Sorry but, “when rebellion arose in the camp to assume a non-delegated leadership position, the sin was dealt with pronto and with transparency” is not at all reassuring.

    What I am reading is that from the very beginning, any challenge to authority in NTM was seen as a grievous crime. That is in itself very problematic. After all, it was men and women in authority over others who committed the abuse, and even higher authorities who covered it up.

    Knowing that from the beginning NTM was a heavy-handed authoritarian organization is not at all reassuring. Not at all….

  2. kristas friend
    September 9th, 2010 at 08:32 | #2

    I went to school with Krista during this time. She was my friend. 1992. Grade 8.
    She confided her story to me at the time.
    reading this has me in tears.I have never, will never forget that conversation with Krista. I always kept a special place in my heart for her. knowing what she went through and knowing her courage and love for her god, despite everything, is inspirational. But my heart trembles for her family and the tragic chain reaction her abuse set in motion. The shattered families and lives destroyed by this abuse have, in my opinion, been given no respect or love from NTM, which creates an element of despair I have no words for. Krista I remember you always and Jill, you and your other daughter are in my prayers.

  3. Elijah III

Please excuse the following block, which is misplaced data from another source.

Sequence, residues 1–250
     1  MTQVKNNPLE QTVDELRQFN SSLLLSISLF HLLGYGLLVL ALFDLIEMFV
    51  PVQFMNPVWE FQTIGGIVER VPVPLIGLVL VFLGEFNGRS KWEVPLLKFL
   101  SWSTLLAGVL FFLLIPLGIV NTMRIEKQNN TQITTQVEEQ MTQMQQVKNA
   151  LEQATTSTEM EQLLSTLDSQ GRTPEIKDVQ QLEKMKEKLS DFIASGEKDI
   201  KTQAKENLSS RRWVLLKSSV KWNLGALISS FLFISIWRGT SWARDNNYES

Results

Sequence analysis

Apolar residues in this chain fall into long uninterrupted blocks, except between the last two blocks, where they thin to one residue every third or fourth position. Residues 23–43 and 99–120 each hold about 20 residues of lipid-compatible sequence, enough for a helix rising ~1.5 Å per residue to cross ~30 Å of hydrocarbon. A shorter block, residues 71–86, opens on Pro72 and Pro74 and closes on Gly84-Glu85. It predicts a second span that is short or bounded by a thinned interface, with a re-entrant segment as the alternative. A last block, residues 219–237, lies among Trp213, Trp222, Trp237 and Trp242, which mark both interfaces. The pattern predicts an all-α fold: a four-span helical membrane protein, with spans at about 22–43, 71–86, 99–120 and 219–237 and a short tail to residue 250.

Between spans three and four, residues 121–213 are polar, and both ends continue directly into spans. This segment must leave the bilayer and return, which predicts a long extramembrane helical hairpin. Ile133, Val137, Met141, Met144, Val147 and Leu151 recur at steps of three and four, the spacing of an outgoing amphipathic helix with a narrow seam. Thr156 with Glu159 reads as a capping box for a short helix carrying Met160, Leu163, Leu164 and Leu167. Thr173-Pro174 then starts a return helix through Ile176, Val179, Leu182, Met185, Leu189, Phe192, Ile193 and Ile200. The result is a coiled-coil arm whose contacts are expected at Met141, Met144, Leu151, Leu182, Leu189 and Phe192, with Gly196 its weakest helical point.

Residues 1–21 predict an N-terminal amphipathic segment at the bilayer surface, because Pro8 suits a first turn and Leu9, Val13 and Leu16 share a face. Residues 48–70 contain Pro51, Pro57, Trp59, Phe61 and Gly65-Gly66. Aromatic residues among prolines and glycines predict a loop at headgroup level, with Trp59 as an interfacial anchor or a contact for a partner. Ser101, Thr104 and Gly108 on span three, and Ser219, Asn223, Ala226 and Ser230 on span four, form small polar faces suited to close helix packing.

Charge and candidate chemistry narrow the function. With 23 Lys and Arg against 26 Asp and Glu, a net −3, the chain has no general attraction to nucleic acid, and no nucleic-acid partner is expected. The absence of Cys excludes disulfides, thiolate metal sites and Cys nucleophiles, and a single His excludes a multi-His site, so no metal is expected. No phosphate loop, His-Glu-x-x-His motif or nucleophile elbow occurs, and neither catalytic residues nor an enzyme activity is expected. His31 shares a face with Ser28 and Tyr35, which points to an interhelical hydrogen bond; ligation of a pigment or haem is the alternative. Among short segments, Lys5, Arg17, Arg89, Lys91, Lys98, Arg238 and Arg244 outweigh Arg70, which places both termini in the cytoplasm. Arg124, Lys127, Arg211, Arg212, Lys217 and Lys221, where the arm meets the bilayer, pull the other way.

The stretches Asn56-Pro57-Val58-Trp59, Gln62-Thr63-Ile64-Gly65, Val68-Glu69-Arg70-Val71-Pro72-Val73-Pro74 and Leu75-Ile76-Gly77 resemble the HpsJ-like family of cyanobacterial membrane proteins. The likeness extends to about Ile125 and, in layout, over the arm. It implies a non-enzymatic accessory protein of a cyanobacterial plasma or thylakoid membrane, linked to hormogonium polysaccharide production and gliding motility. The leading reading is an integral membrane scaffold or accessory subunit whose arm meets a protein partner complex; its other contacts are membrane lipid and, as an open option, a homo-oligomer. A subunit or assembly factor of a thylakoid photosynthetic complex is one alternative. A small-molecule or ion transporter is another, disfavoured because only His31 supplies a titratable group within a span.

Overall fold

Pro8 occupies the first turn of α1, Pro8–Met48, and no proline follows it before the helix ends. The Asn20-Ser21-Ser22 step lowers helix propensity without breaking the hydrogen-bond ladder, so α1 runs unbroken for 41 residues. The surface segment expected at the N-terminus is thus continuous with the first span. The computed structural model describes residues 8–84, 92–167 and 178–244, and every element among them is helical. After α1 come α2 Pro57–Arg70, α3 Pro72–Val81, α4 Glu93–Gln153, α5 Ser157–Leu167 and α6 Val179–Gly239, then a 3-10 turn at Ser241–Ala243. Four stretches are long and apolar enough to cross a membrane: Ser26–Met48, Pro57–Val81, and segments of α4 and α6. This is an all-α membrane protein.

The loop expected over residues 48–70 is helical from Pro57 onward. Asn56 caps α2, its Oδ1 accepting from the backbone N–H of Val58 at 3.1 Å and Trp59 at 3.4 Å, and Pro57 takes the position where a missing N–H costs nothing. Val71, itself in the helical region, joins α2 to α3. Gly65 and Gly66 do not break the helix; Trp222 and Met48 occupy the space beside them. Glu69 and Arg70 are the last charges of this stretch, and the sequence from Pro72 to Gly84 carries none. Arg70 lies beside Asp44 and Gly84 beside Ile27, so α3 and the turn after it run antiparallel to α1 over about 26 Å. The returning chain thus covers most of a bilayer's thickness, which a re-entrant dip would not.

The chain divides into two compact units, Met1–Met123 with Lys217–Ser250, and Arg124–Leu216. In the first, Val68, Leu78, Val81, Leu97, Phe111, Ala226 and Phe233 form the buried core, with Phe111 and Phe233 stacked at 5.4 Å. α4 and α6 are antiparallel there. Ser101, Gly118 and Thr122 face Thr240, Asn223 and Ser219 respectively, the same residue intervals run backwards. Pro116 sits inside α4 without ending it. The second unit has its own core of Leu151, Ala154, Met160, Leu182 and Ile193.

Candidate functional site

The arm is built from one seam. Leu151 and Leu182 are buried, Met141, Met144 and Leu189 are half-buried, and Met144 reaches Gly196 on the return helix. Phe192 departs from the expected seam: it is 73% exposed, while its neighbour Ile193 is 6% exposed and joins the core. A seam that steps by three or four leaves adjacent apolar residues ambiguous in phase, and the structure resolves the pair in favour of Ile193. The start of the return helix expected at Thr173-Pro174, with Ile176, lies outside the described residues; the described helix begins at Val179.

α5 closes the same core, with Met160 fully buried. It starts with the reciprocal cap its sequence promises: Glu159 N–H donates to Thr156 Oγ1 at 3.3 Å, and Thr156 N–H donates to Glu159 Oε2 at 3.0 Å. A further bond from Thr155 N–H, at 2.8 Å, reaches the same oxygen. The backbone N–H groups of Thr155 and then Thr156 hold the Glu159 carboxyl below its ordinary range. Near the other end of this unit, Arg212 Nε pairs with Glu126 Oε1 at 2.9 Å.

September 27th, 2009 at 07:46 | #3

    If you look at the annals of NTM it can be readily established that sin in those early days was dealt with swiftly and openly. According to one old-timer when rebellion arose in the camp to assume a non-delegated leadership position, the sin was dealt with pronto and with transparency. Everything was administered and ministered in the LIGHT of God’s Word. I’m sure there are numerous accounts that could be shared…
    Someone of the past has wisely noted that organizations go through several stages though out their history before their tragic downfall. 1. A MAN has a vision. Who hasn’t heard the amazing story of Paul Flemming. 2. Through that person begins a MOVEMENT. For the sake of space I will not mention all the wonderful people who joined him in that vision. 3. Then there is a MISSION. I can still remember when potential missionaries were challenged regardless of education, age, the number of children a family had, and with very little emphasis on health issues. 4. Unfortunately NTM has seemed to move into the final stage which is that of becoming a MONUMENT. It is at this level where an organization becomes an authority unto itself and original core values are discarded.
    It would take a spiritually calloused monster to not hear Jill’s heart in this testimonial and not act so there can be swift and open healing and restoration for all.
    To Jill and all the Fanda Eagles we say: The LORD bless you and keep you; the LORD make his face shine upon you and be gracious to you; the LORD turn his face toward you and give you peace!

  4. Gene Long
    August 3rd, 2009 at 23:04 | #4

    “He told us other families were not told about this happening because of the seriousness of it and it was felt better to keep it as quiet as possible.”

    I think I get the point. Suppose word were to spread. Think of how the parents of other kids would feel. Think of how prospective missionaries would feel. Think of how supporting churches would feel. Think how YOU would feel.

    How would they react? How have YOU reacted to the stories you’ve read on this blog?

    The only beneficiary I can see from keeping this as quiet as possible is the reputation of NTM.

  5. August 3rd, 2009 at 22:09 | #5

    Jill, your story breaks my heart.